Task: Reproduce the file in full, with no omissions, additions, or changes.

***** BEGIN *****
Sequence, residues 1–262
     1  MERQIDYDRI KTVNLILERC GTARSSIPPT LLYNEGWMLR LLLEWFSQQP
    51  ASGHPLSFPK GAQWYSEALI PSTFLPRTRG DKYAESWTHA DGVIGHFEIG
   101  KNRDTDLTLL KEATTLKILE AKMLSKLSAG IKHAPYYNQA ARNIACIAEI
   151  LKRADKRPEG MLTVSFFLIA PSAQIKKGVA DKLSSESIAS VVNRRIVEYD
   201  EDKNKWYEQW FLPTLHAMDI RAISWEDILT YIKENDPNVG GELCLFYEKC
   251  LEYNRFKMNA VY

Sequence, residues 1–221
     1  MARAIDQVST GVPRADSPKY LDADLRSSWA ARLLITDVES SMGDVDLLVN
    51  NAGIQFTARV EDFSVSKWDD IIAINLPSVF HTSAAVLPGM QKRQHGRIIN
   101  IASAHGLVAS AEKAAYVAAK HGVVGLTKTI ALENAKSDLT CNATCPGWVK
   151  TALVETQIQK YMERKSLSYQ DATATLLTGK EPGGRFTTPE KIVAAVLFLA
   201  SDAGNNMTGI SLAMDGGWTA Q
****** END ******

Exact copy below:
Sequence, residues 1–262
     1  MERQIDYDRI KTVNLILERC GTARSSIPPT LLYNEGWMLR LLLEWFSQQP
    51  ASGHPLSFPK GAQWYSEALI PSTFLPRTRG DKYAESWTHA DGVIGHFEIG
   101  KNRDTDLTLL KEATTLKILE AKMLSKLSAG IKHAPYYNQA ARNIACIAEI
   151  LKRADKRPEG MLTVSFFLIA PSAQIKKGVA DKLSSESIAS VVNRRIVEYD
   201  EDKNKWYEQW FLPTLHAMDI RAISWEDILT YIKENDPNVG GELCLFYEKC
   251  LEYNRFKMNA VY

Sequence, residues 1–221
     1  MARAIDQVST GVPRADSPKY LDADLRSSWA ARLLITDVES SMGDVDLLVN
    51  NAGIQFTARV EDFSVSKWDD IIAINLPSVF HTSAAVLPGM QKRQHGRIIN
   101  IASAHGLVAS AEKAAYVAAK HGVVGLTKTI ALENAKSDLT CNATCPGWVK
   151  TALVETQIQK YMERKSLSYQ DATATLLTGK EPGGRFTTPE KIVAAVLFLA
   201  SDAGNNMTGI SLAMDGGWTA Q